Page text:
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President Armen Stein has earned the Microsoft MVP Award every year since 2006. That tells you something about his passion for technology.
Successfully Working At Home
While we are all enjoying the opportunity to work from our homes, there were some revelations. One team member quickly learned that being home all the time made her a little stir-crazy. With the newfound 3 hours in a day (her total commute time), she learned that she had time to tackle new activities, including dancing. Another member began to feel a little isolated from human contact so she started working out at a local gym. Looking for tips on working from home? Check this out!
A few months ago we moved out of our physical office and went completely virtual! No, that doesn’t mean that we are all CGI characters (we are still real humans), but it does mean that we no longer gather to work at a permanent office.
Why did we virtualize?
Over time, I saw that our office was more and more sparsely populated – people were already choosing to work from home. Our commutes ranged from 25 minutes to 90 minutes each way – and that was on normal days. Renting an office space that wasn’t fully used started to seem like a waste of money.
At the same time, technology has been getting better. One by one, we transferred functions from our expensive, aging server to Microsoft’s Azure cloud or virtual servers in a data center. We ported our phone numbers to RingCentral, which allows us to make and receive calls from any of our devices, and offers many other features that our old digital phone system couldn’t match. High-definition webcams and good headsets give us smooth web conferencing. For physical mail and packages, we rented space at a nearby Regus location, where we can also use offices and conference rooms. Eventually, there was nothing tying us to the office anymore.
Presence isn’t obvious. We can’t just look into an office to see if someone is there. Instead, we use Microsoft Teams (part of Office 365) to see visual red or green indicators showing whether each person is at their PC and available.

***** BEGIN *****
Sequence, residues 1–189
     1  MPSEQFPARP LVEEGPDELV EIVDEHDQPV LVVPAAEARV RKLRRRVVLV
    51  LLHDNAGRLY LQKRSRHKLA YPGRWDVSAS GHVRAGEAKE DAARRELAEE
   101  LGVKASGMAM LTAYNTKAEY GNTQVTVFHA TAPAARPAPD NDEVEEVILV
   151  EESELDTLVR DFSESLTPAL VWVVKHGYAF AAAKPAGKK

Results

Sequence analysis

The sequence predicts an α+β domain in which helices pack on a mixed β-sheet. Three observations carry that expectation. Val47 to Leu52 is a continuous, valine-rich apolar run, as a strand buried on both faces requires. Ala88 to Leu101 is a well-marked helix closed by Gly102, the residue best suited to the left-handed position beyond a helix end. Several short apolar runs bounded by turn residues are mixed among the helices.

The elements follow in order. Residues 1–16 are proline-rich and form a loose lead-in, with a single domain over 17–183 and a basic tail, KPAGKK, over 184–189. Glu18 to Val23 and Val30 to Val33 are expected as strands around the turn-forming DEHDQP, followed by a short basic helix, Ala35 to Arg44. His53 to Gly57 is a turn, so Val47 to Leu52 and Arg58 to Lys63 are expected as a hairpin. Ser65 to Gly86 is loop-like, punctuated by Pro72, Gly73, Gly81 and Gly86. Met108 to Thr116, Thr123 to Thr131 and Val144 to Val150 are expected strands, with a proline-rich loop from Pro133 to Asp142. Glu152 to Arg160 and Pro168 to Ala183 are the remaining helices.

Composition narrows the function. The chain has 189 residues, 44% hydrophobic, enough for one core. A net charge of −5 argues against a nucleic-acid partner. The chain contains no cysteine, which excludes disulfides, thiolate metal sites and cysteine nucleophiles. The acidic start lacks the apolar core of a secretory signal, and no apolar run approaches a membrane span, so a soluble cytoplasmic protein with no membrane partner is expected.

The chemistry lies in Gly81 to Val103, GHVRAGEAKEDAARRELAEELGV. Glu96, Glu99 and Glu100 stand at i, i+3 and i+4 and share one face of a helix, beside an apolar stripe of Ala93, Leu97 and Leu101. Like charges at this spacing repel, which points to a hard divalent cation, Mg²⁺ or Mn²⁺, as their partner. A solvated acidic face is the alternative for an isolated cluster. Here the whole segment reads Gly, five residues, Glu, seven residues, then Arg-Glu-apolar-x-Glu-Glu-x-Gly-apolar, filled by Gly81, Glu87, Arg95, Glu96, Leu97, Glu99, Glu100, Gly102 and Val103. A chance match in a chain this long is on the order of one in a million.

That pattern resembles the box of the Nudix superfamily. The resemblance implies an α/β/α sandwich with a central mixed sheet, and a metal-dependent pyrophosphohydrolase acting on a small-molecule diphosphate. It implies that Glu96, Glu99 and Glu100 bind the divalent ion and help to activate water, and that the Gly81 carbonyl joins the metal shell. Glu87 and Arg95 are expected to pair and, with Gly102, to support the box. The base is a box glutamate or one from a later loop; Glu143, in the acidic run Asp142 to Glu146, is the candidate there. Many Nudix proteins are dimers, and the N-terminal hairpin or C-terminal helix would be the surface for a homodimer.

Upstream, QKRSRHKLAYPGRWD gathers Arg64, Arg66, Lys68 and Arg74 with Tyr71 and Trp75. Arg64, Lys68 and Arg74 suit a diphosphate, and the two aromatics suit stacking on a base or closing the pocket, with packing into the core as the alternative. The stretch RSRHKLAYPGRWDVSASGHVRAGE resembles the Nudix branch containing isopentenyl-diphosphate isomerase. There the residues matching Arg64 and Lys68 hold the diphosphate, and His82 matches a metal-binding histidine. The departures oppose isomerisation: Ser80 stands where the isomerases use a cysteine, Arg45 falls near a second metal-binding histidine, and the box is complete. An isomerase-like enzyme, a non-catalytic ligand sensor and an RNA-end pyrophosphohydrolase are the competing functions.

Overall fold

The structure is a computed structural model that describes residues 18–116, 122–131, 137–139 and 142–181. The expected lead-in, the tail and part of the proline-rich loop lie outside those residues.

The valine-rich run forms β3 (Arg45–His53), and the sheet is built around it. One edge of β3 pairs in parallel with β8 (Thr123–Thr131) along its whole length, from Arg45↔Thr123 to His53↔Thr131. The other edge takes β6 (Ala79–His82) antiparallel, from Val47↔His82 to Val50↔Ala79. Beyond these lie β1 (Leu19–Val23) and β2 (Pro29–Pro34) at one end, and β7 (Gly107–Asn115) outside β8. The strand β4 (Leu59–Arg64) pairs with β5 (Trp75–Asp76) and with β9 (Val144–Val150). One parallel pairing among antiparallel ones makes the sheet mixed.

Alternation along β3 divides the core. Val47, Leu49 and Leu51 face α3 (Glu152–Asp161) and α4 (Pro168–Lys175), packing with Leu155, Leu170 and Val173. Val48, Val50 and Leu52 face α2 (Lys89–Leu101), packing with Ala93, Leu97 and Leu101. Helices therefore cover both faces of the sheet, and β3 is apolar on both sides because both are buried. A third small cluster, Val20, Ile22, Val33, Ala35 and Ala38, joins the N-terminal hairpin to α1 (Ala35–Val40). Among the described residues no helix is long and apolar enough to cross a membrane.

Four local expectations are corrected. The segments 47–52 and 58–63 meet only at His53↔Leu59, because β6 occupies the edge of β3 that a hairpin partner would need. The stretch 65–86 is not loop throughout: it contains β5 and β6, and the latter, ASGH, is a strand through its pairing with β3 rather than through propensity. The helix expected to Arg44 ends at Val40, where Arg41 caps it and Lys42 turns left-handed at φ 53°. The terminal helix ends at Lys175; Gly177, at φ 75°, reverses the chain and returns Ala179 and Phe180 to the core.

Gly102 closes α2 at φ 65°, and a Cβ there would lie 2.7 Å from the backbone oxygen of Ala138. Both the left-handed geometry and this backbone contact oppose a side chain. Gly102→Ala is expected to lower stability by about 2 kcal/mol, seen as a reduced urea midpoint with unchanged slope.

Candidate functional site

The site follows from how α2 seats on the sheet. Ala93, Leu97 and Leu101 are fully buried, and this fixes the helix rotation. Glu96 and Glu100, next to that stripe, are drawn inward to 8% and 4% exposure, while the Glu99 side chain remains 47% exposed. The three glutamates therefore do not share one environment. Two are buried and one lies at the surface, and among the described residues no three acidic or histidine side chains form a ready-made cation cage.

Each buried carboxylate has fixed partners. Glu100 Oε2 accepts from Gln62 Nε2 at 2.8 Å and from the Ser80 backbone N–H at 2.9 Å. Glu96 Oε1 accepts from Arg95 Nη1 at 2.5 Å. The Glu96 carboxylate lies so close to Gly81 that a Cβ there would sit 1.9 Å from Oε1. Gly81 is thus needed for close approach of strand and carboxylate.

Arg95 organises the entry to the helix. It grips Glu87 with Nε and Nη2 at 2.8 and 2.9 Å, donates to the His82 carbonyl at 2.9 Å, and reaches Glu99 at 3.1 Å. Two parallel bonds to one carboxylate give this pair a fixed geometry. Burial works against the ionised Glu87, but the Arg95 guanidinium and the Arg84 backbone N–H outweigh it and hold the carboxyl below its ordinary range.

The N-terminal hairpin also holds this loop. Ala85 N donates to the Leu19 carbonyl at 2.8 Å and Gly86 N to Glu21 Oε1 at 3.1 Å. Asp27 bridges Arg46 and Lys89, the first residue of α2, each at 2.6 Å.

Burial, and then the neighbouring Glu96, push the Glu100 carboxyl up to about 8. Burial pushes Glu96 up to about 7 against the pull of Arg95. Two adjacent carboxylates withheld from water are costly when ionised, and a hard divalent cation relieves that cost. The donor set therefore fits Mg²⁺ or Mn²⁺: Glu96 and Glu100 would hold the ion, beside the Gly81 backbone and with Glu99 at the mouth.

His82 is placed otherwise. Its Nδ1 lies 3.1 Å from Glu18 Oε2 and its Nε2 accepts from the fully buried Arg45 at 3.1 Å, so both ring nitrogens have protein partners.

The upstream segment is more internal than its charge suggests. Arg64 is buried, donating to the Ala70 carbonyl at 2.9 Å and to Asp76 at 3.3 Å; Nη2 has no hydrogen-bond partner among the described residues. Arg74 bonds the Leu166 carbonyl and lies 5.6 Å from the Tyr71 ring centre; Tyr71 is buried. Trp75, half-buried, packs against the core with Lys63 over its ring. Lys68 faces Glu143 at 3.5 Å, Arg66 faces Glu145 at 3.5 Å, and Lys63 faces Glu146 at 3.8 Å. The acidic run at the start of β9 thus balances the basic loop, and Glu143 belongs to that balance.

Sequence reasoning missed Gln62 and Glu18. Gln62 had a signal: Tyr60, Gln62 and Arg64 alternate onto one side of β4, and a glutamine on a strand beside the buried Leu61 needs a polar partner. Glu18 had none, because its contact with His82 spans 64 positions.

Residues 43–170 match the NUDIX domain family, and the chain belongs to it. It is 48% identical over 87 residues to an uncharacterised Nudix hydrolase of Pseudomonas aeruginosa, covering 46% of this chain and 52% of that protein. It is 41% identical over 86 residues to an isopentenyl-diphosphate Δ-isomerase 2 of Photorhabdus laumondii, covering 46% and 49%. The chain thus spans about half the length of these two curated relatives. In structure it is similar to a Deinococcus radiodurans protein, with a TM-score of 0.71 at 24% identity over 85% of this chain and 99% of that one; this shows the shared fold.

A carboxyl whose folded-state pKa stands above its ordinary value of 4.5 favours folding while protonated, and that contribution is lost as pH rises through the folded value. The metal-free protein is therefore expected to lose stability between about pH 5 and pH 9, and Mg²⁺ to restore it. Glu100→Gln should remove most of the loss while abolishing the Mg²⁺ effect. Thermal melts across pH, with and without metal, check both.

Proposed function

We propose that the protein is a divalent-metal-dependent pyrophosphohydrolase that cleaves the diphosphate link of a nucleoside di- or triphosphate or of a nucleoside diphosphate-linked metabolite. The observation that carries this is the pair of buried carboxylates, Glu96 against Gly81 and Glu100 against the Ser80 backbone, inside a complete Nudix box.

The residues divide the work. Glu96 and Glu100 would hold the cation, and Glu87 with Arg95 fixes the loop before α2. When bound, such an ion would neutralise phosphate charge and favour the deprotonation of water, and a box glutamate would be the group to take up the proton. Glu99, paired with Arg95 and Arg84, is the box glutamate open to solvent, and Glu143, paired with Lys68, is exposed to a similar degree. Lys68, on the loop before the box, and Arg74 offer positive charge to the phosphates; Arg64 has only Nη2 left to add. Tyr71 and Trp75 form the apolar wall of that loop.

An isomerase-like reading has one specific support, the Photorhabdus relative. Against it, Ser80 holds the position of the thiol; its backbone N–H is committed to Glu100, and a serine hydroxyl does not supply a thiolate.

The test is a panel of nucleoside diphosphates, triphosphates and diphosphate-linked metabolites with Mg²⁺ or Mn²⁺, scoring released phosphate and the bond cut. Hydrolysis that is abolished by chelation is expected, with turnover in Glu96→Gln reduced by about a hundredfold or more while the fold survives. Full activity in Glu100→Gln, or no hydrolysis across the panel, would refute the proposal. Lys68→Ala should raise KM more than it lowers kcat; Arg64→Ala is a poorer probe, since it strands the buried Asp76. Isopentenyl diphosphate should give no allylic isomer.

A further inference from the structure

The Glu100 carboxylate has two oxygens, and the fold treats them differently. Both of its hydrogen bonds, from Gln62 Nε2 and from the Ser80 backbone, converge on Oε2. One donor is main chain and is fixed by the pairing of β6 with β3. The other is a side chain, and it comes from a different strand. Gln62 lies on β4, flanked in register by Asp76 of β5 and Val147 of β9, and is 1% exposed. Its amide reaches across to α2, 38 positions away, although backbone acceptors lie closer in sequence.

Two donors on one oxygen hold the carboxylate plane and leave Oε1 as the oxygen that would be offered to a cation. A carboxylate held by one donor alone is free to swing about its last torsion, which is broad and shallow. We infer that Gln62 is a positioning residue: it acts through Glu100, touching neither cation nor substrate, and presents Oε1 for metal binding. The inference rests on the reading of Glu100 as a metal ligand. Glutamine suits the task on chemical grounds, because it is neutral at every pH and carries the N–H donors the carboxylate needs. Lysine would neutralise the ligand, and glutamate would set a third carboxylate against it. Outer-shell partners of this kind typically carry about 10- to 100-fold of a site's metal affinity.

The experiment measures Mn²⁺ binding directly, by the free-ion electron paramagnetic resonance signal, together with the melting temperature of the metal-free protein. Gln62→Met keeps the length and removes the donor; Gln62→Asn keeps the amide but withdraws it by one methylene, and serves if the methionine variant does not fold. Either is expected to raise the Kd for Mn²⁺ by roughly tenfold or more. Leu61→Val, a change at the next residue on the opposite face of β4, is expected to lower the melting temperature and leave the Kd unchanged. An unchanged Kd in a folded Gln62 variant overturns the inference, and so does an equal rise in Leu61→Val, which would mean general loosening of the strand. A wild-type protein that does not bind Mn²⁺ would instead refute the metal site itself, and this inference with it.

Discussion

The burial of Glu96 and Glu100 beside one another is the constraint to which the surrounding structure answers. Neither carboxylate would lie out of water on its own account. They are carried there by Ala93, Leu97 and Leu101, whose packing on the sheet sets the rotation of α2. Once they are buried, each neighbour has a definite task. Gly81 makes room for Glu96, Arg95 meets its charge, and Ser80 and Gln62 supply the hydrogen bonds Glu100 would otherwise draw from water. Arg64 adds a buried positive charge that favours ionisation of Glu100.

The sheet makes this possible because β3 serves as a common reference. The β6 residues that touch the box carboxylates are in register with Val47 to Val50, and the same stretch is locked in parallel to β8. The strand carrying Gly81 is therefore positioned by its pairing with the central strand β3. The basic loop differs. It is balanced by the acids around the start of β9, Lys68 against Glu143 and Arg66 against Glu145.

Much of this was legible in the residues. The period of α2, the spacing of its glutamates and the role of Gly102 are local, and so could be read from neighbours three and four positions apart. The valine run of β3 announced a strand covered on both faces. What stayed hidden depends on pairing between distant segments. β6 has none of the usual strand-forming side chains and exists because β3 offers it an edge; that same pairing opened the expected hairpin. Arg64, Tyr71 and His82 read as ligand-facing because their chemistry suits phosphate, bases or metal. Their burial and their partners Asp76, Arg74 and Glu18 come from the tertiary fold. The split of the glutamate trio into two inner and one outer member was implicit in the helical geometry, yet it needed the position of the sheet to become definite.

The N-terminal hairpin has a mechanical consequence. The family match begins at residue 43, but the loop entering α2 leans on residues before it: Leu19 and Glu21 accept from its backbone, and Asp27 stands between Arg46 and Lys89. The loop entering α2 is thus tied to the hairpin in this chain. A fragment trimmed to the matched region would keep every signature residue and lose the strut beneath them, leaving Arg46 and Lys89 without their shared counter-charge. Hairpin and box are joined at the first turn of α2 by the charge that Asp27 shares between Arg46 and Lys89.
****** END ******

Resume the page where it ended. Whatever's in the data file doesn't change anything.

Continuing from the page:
“Dropping in” isn’t so natural. When you’re working at home, you can’t lean into someone’s office and say “hey, got a minute?” Instead, we’re learning to drop in on each other using video web meetings.
Not everyone has a home office space. We sent home or purchased office furniture and equipment for anyone who needed it. For employees with limited space at home, we pay for time at Regus offices or co-working spaces.
The need for connection. We like to work together! In addition to video web meetings, every month we get together over a potluck lunch and review movies. We’ll still have pinball tournaments at my house. And sometimes two or more people get together at a Regus office just to work in the same room.
Measuring performance. Many managers worry about understanding what their team is doing if they can’t see them. In our case, that hasn’t been a problem, since we already had project management meetings and production measurements in place. I’d say that if you need to see people at their desks to know they’re working, you’ve already got a bigger problem.
My team has been reporting big increases in free time and flexibility. They love not spending so many hours on the road. Some of them are reconnecting with friends and doing new activities. I think working virtually is becoming a distinct benefit of working at J Street. And I love not paying rent for an underutilized office! A few months ago we moved out of our physical office and went completely virtual! No, that doesn’t mean that we are all CGI characters (we are still real humans), but it does mean that we no longer gather to work at a permanent office.
Did you know we build remote workforce applications too? Contact us today for a free consultation!